IAS Gyan

Daily News Analysis


15th March, 2023 Science and Technology

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  • Researchers at the University of Rochester have created a superconducting material at temperatures and pressures low enough for practical applications.


  • Superconductivity is a set of physical properties observed in certain materials where electrical resistance vanishes and magnetic flux fields are expelled from the material.
  • In this, materials to conduct direct current (DC) electricity without energy loss when they are cooled below a critical temperature(referred to as Tc). These materials also expel magnetic fields as they transition to the superconducting state.
  • This capacity produces interesting and potentially useful effects. Superconductivity was first observed in 1911 by H. K. Onnes, a Dutch physicist. 
  • Superconductors have been employed in, or proposed for use in, an enormous variety of applications. Examples include high-speed magnetic-levitation trains, magnetic-resonance-imaging (MRI) equipment, ultra-high-speed computer chips, high-capacity digital memory chips, alternative energy storage systems, radio-frequency (RF) filters, radio-frequency amplifiers, sensitive visible-light and infrared detectors, miniaturized wireless transmitting antennas, systems to detect submarines and underwater mines, and gyroscopes for earth-orbiting satellites.

Recent Research

  • The researchers describe a nitrogen-doped lutetium hydride (NDLH) that exhibits superconductivity at 69 degrees Fahrenheit and 10 kilobars (1,45,000 pounds per square inch, or psi) of pressure.
  • That is about 10 times the pressure that is exerted at the bottom of the ocean’s deepest trenches.

Why is it important?

  • It is important because the superconductors can now work at room temperature. Although superconductors have existed for nearly a century, their use was only feasible at unearthly, ultracold temperatures with limited applications if not negligible.
  • For decades, scientists have sought superconductors that work at room temperature, and their hunt appears to have achieved fruition.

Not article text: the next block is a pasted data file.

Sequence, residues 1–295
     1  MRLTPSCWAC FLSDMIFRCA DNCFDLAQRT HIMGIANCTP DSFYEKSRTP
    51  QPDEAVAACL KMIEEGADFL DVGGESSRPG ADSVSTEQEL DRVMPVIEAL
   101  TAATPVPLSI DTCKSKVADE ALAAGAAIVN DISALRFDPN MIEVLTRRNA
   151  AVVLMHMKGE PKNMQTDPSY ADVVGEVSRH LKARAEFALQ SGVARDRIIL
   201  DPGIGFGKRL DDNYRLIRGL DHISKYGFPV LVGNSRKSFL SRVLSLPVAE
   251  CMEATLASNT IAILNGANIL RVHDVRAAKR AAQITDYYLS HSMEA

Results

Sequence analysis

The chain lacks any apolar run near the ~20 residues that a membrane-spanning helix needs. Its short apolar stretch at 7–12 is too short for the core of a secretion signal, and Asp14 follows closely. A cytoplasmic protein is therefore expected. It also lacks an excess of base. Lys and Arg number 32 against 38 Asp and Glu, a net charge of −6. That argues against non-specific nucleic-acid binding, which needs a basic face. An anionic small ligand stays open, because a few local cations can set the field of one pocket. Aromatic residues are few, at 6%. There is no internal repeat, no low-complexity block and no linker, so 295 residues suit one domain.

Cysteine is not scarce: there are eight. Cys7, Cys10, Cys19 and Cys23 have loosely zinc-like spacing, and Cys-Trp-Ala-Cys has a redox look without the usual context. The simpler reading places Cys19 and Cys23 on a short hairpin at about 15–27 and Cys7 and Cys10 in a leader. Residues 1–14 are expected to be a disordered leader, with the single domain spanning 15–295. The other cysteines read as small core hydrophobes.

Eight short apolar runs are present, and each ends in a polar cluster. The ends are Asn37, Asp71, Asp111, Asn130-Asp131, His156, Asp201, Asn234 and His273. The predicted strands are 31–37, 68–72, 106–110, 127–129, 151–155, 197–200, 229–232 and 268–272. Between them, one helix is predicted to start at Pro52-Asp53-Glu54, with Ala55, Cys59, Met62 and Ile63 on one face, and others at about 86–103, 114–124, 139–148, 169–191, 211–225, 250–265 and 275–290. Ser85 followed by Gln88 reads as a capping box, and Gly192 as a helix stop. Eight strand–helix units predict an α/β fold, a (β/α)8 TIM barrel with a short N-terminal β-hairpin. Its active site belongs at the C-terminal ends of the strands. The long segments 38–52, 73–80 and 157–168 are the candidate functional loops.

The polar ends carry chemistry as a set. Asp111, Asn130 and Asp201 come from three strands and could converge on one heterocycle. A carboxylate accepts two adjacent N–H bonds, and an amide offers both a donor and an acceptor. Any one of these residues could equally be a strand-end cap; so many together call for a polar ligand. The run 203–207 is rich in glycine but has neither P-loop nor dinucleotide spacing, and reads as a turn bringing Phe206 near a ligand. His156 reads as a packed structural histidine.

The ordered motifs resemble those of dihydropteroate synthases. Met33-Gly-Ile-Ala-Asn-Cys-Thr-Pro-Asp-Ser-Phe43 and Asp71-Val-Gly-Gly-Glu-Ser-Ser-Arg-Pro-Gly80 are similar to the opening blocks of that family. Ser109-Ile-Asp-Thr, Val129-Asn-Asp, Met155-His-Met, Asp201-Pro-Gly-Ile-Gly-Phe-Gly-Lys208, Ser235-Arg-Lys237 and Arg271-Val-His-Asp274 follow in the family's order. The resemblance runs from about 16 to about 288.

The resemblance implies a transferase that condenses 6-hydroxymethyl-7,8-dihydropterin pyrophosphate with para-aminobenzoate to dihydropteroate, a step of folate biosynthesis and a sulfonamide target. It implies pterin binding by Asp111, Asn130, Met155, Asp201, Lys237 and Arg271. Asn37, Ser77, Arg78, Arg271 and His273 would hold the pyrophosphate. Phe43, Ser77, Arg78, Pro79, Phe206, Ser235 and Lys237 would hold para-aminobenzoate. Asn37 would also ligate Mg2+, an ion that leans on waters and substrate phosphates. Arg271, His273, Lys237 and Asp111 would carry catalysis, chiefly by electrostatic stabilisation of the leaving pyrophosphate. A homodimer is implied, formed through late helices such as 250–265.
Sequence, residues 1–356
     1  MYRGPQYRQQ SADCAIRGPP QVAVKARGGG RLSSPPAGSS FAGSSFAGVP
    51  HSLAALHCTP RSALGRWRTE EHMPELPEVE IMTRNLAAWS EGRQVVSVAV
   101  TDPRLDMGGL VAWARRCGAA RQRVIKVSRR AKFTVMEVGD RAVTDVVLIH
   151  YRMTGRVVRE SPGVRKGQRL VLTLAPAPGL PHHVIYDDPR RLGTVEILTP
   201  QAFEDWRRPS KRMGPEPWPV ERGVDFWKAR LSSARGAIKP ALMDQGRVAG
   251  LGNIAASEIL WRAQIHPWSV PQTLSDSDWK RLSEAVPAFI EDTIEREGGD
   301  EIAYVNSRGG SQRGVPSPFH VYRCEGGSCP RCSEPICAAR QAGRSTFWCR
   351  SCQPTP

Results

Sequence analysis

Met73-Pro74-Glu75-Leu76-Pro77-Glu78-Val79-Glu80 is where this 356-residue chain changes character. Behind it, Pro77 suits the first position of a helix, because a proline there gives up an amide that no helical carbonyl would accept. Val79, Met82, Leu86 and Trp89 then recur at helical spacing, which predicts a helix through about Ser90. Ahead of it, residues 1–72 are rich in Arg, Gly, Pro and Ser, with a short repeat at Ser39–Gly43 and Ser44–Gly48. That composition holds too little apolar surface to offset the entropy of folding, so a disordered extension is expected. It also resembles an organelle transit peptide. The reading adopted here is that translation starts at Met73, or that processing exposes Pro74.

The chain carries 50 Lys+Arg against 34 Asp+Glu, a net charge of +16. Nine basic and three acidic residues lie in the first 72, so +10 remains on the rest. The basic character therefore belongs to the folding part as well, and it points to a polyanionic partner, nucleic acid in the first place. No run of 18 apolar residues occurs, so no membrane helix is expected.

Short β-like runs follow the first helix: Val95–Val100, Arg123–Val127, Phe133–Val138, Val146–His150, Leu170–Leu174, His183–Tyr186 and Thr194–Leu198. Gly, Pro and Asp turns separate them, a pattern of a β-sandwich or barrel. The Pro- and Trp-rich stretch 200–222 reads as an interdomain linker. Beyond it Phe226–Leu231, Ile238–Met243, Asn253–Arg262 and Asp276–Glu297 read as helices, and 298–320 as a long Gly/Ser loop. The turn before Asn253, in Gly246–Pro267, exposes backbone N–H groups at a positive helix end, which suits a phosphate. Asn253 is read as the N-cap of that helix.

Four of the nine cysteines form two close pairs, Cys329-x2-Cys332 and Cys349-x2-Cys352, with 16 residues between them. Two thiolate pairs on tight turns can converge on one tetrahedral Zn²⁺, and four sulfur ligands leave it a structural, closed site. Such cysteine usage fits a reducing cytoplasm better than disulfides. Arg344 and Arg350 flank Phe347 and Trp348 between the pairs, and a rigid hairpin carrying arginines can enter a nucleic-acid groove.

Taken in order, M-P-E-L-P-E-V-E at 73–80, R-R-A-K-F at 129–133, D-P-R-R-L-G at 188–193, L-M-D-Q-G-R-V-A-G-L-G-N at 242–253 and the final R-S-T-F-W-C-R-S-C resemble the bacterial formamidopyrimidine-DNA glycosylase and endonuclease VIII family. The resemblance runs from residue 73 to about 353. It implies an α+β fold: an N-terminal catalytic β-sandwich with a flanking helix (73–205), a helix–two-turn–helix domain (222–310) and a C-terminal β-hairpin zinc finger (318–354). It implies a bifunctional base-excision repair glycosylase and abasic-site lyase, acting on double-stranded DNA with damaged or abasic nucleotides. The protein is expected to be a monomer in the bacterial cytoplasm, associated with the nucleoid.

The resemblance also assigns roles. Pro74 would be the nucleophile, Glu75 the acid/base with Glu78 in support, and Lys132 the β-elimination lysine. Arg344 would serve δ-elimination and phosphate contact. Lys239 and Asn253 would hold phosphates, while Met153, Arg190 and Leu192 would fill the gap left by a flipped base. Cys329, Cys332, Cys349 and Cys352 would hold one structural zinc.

• If the breakthrough is confirmed in subsequent tests, it would help create devices that do not waste energy on heat when producing a current and could be used to create more efficient computers; superior X-ray technology; and even more powerful nuclear reactors.
  • Scientists have been pursuing this breakthrough in condensed matter physics for more than a century. Superconducting materials have two key properties: electrical resistance vanishes, and the magnetic fields that are expelled pass around the superconducting material. Such materials could enable:
    • Power grids that transmit electricity without the loss of up to 200 million megawatt hours (MWh) of energy that now occurs due to resistance in the wires.
    • More affordable medical imaging and scanning techniques such as MRI and magnetocardiography.
    • Faster, more efficient electronics for digital logic and memory device technology.
    • Tokamak machines use magnetic fields to confine plasmas to achieve fusion as a source of unlimited power.

Final Thoughts

  • The first known superconductors required temperatures only a few degrees above absolute zero or minus 459.67 degrees Fahrenheit. In the 1980s, physicists discovered high-temperature superconductors whose applicability was minimal in everyday life.
  • The deployment of the technology of room temperature superconductors at atmospheric pressure would accelerate the electrification of our world for its sustainable development. The technology allows us to do more work and use less natural resources with lower waste to preserve the environment.
  • The latest discovery adds a luminous layer of applicability for the use of superconductors in everyday life.


Q. The deployment of the technology of room temperature superconductors at atmospheric pressure would accelerate the electrification of our world for its sustainable development. What is the future of superconductivity? Elucidate.